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Climatic Signals in Tree Rings of Heritiera fomes Buch.-Ham. in the Sundarbans, Bangladesh

  • Md. Qumruzzaman Chowdhury ,

    Affiliations Wood Biology Service, Royal Museum for Central Africa (RMCA), Leuvensesteenweg 13, 3080, Tervuren, Belgium, Department of Forestry and Environmental Science, Shahjalal University of Science and Technology, Sylhet, 3114, Bangladesh

  • Maaike De Ridder,

    Affiliation Wood Biology Service, Royal Museum for Central Africa (RMCA), Leuvensesteenweg 13, 3080, Tervuren, Belgium

  • Hans Beeckman

    Affiliation Wood Biology Service, Royal Museum for Central Africa (RMCA), Leuvensesteenweg 13, 3080, Tervuren, Belgium

Climatic Signals in Tree Rings of Heritiera fomes Buch.-Ham. in the Sundarbans, Bangladesh

  • Md. Qumruzzaman Chowdhury, 
  • Maaike De Ridder, 
  • Hans Beeckman


Mangroves occur along the coastlines throughout the tropics and sub-tropics, supporting a wide variety of resources and services. In order to understand the responses of future climate change on this ecosystem, we need to know how mangrove species have responded to climate changes in the recent past. This study aims at exploring the climatic influences on the radial growth of Heritiera fomes from a local to global scale. A total of 40 stem discs were collected at breast height position from two different zones with contrasting salinity in the Sundarbans, Bangladesh. All specimens showed distinct tree rings and most of the trees (70%) could be visually and statistically crossdated. Successful crossdating enabled the development of two zone-specific chronologies. The mean radial increment was significantly higher at low salinity (eastern) zone compared to higher salinity (western) zone. The two zone-specific chronologies synchronized significantly, allowing for the construction of a regional chronology. The annual and monsoon precipitation mainly influence the tree growth of H. fomes. The growth response to local precipitation is similar in both zones except June and November in the western zone, while the significant influence is lacking. The large-scale climatic drivers such as sea surface temperature (SST) of equatorial Pacific and Indian Ocean as well as the El Niño-Southern Oscillation (ENSO) revealed no teleconnection with tree growth. The tree rings of this species are thus an indicator for monsoon precipitation variations in Bangladesh. The wider distribution of this species from the South to South East Asian coast presents an outstanding opportunity for developing a large-scale tree-ring network of mangroves.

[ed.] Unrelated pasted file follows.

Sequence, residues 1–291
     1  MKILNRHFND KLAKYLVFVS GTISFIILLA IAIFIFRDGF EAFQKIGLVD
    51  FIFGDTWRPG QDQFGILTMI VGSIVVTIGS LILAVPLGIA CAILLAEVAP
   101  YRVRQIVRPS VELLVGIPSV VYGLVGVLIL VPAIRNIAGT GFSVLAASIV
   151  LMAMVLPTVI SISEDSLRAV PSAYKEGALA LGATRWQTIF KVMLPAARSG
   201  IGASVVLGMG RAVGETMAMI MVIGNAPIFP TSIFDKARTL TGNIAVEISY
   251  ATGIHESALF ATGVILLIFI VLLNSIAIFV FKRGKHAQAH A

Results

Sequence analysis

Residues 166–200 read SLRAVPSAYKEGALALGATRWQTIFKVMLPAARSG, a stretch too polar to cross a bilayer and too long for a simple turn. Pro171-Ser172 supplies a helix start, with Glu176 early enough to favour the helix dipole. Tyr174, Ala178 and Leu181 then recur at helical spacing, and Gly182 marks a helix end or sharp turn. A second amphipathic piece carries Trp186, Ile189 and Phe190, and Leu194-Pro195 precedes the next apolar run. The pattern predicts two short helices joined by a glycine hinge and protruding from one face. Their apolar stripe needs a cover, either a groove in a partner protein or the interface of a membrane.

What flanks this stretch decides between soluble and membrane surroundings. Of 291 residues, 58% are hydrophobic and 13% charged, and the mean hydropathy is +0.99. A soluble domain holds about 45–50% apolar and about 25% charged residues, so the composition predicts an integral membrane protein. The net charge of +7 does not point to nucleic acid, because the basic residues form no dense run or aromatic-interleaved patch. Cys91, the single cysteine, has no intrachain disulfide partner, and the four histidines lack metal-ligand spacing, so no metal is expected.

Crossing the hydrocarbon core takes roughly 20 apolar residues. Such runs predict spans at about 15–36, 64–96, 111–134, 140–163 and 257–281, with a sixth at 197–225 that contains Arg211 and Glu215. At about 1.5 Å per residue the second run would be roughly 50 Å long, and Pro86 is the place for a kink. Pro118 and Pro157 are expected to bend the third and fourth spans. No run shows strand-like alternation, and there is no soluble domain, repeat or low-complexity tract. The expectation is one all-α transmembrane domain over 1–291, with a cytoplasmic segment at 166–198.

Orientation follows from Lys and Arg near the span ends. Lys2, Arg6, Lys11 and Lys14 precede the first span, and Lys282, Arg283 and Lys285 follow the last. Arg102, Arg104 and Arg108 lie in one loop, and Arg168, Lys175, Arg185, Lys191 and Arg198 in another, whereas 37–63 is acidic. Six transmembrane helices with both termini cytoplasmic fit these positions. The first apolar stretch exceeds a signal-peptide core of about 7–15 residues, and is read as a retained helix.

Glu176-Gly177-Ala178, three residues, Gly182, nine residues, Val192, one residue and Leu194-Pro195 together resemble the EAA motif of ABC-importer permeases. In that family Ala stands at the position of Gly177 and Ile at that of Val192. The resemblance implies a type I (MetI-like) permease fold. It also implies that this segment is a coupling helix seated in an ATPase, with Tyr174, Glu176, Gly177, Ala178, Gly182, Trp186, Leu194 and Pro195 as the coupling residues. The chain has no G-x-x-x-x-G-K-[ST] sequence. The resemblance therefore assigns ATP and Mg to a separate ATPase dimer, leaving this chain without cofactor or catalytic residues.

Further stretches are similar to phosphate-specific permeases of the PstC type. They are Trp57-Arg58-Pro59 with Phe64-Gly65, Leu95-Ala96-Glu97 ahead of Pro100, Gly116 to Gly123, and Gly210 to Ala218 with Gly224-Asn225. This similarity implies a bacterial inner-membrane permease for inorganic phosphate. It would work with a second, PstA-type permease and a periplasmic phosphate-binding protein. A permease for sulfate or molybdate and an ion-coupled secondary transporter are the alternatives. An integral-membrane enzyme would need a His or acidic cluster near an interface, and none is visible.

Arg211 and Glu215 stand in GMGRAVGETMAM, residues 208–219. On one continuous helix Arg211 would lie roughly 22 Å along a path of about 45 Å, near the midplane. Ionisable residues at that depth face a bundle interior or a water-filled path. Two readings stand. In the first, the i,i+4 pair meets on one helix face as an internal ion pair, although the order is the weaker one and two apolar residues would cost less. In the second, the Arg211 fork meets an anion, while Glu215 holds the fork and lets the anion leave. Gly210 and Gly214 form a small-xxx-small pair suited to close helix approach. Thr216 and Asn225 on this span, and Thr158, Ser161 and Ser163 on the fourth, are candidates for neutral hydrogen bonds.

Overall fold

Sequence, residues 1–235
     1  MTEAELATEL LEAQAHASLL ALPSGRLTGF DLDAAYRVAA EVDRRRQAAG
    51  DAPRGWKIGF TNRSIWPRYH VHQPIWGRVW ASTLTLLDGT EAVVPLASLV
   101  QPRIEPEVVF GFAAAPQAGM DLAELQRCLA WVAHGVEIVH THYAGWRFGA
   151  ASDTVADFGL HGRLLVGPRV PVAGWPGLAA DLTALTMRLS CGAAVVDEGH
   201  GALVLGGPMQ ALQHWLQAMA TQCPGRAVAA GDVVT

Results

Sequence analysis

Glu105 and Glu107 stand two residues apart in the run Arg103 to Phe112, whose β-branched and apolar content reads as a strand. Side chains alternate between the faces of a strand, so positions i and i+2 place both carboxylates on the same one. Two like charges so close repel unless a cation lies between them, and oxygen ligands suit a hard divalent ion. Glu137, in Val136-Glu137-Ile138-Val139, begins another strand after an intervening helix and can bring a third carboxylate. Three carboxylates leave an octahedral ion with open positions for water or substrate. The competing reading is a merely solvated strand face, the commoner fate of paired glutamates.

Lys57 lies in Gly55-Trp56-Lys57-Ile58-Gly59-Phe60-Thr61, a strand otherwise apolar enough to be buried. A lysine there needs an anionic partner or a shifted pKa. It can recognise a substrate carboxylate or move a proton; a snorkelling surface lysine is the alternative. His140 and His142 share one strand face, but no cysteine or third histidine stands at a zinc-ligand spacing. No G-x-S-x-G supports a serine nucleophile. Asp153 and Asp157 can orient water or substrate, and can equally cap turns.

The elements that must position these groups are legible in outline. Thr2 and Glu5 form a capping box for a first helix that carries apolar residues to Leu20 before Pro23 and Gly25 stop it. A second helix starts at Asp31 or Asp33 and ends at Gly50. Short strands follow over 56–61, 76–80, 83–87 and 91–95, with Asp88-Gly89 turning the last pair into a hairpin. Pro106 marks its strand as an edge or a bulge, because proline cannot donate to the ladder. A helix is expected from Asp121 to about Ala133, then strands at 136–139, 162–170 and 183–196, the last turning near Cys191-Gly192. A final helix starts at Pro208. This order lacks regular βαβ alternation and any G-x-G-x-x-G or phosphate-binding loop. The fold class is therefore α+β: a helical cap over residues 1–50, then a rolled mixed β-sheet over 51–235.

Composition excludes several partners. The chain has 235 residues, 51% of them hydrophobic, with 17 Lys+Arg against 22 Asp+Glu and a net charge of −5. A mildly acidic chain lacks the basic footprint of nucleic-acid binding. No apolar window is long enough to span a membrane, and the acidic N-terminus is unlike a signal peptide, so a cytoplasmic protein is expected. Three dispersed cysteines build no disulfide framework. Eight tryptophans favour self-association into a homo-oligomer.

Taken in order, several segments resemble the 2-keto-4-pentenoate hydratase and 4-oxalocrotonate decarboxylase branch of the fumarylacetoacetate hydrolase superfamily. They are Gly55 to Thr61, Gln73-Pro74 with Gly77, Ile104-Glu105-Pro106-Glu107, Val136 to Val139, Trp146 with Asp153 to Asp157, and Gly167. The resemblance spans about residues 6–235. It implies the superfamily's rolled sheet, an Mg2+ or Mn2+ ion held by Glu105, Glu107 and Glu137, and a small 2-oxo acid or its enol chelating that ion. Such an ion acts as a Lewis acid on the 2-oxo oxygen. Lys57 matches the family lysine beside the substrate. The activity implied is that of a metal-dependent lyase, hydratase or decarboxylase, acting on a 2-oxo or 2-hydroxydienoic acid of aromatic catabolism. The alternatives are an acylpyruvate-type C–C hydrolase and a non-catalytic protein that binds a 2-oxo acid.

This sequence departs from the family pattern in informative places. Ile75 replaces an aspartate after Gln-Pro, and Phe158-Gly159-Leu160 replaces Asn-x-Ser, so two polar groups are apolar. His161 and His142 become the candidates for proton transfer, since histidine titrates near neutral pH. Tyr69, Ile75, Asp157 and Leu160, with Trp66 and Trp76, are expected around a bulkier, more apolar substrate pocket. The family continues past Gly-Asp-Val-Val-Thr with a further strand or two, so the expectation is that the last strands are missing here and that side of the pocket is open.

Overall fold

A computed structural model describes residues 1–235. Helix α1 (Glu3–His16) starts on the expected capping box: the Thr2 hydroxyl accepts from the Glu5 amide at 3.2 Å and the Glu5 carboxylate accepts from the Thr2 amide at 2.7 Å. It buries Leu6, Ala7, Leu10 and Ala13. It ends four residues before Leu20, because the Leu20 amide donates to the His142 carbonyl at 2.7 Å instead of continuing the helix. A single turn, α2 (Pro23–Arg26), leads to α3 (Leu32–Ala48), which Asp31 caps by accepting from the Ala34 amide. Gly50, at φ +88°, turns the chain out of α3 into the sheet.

Mangroves are carbon rich ecosystems that lie at the interface between land and sea in the tropical and subtropical regions, providing a wide array of resources and services, such as protection against natural calamities, habitats for wildlife and fisheries, support socioeconomic activities and maintain ecological balance [15]. Sundarbans, the largest single tract mangrove forest in the world, is situated along the coast of the Bay of Bengal in the estuary of the Ganges–Brahmaputra river, and covers partly Bangladesh (59% of the forest, 6014 km2) and India [6]. The Bangladesh Sundarbans is one of the most diverse forests harboring more than 330 plant species, 400 species of fishes, 35 species of reptiles, over 300 species of birds, and 42 species of mammals including the Royal Bengal tiger [7, 8]. Therefore, it has been declared a Ramsar site. Moreover, part of the forest (23%) has been registered as a world heritage site [9]. Despite its enormous importance, the forest is increasingly threatened by excessive livelihood activities, land use changes [9], illegal and overexploitation of forest resources [10], diseases [11], biological invasion [12], natural calamities [13] and oil spills from vessels [14]. In addition, climate change is another important threat to the ecosystem [15, 16].

One of the best-known global climate fluctuations is the El Niño-Southern Oscillation (ENSO) which normally causes anomalous dry and warm conditions over monsoonal Asia during El Niño events [17]. Inter-annual variation in local climate in this region is modulated by large-scale climatic drivers such as sea surface temperature (SST) of the Pacific and Indian Ocean [18]. However, these large-scale climatic phenomena have been shown to affect local climate as well as tree growth over very long distances [1924]. Therefore, understanding the teleconnections among them is crucial for the prediction of future growth responses to global climatic variation.